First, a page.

The Indian Meteorological Department (IMD) had forecast a normal monsoon this year. However, this year’s monsoon, which ended on September 30, saw a 9.4 per cent deficit in rainfall. Not just that, 2018 was also the fifth consecutive year to register deficit monsoon. Eight states in India received deficient rainfall this year, says IMD. Out of these, four states are in the North East (Arunachal, Meghalaya, Manipur and Tripura), three in Eastern India (West Bengal, Jharkhand, Bihar) and Gujarat in the central India.
In fact, deficit monsoon has become chronic with 13 of the last 18 years witnessing below-normal rains. The period also saw seven drought years—2002, 2004, 2009, 2014, 2015, 2016 and 2017.
The poor monsoon showers are already taking a toll on the country’s groundwater levels. Some recent research papers show that this is affecting India’s crop productivity. Calling the deficits a “cause of concern”, the recently released Envi-Stat 2018 says that monsoon accounts for 67 per cent of the total annual replenishable groundwater resource, which is 447 billion cubic metres (BCM), the sum of recharge during monsoon and non-monsoon seasons.
|Southwest Monsoon and Annual Rainfall along with departure
|Source: Envi Stats India-2018
Groundwater is mainly used for irrigation. According to latest estimates of the Ground Water Resources of India, irrigation, alone, uses around 228 BCM of groundwater. In comparison, industrial and domestic uses together account for another 25 BCM.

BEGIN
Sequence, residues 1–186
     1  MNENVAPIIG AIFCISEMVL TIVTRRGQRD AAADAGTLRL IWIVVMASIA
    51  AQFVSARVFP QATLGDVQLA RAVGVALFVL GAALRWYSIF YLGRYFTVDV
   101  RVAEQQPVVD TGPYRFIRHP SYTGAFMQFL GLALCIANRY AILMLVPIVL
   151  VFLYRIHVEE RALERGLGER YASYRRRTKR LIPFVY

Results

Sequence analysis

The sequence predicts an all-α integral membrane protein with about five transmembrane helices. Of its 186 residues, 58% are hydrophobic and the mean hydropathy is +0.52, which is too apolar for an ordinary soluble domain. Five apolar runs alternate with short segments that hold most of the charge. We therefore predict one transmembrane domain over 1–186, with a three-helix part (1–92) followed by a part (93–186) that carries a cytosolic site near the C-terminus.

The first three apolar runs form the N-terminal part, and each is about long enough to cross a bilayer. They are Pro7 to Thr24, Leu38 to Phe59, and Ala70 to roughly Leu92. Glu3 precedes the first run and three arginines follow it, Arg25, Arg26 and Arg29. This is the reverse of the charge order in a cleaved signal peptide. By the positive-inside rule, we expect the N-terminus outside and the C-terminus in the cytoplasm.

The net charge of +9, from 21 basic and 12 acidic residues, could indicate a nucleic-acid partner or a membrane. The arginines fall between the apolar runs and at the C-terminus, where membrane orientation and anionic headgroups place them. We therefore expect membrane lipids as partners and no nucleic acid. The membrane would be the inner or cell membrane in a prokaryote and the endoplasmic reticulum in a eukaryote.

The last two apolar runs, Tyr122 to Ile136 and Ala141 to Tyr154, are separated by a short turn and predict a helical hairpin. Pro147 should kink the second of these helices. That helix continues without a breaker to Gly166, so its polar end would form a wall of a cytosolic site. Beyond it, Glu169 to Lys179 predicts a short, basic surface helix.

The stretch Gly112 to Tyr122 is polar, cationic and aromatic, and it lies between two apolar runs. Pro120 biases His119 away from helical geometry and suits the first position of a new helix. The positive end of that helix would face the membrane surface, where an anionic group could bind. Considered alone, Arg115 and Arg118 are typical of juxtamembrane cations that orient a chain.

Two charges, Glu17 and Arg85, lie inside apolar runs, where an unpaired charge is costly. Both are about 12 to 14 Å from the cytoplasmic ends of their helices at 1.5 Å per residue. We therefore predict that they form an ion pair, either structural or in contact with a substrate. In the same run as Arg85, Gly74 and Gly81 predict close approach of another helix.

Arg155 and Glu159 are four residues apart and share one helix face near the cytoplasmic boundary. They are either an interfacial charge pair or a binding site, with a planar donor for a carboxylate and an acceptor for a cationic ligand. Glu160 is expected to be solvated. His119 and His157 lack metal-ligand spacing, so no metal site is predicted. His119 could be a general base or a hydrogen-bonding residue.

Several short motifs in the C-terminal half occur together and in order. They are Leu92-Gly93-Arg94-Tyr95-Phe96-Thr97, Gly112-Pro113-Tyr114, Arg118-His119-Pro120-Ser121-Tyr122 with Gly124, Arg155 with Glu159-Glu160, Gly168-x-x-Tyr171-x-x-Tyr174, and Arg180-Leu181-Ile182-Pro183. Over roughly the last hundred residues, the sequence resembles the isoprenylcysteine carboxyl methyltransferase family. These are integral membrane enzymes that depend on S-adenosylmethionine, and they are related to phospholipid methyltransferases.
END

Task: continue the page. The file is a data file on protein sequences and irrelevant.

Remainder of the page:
India's dependency on its groundwater is steadily increasing, says State of India’s Environment in Figures 2018. In 2013, the country used 62 per cent of the net available annual groundwater, up from 58 per cent in 2004. The highest dependency can be seen in four north Indian states—Punjab, Rajasthan, Haryana and Delhi—where the annual groundwater consumption is more than the annual groundwater recharge.
Since agriculture in India is dependent on irrigation, unsustainable abstraction of groundwater resources is reducing country’s cultivated land. With more extraction of groundwater, the depth to water level increases and the water table moves downward. This has also increased the dependence on deep tube wells for irrigation. According to the fifth minor irrigation Census carried out by the Union Water Resources Ministry, deep tube wells have grown rapidly from 0.5 million in 2000-01 to more than 2.6 million in 2013-14.
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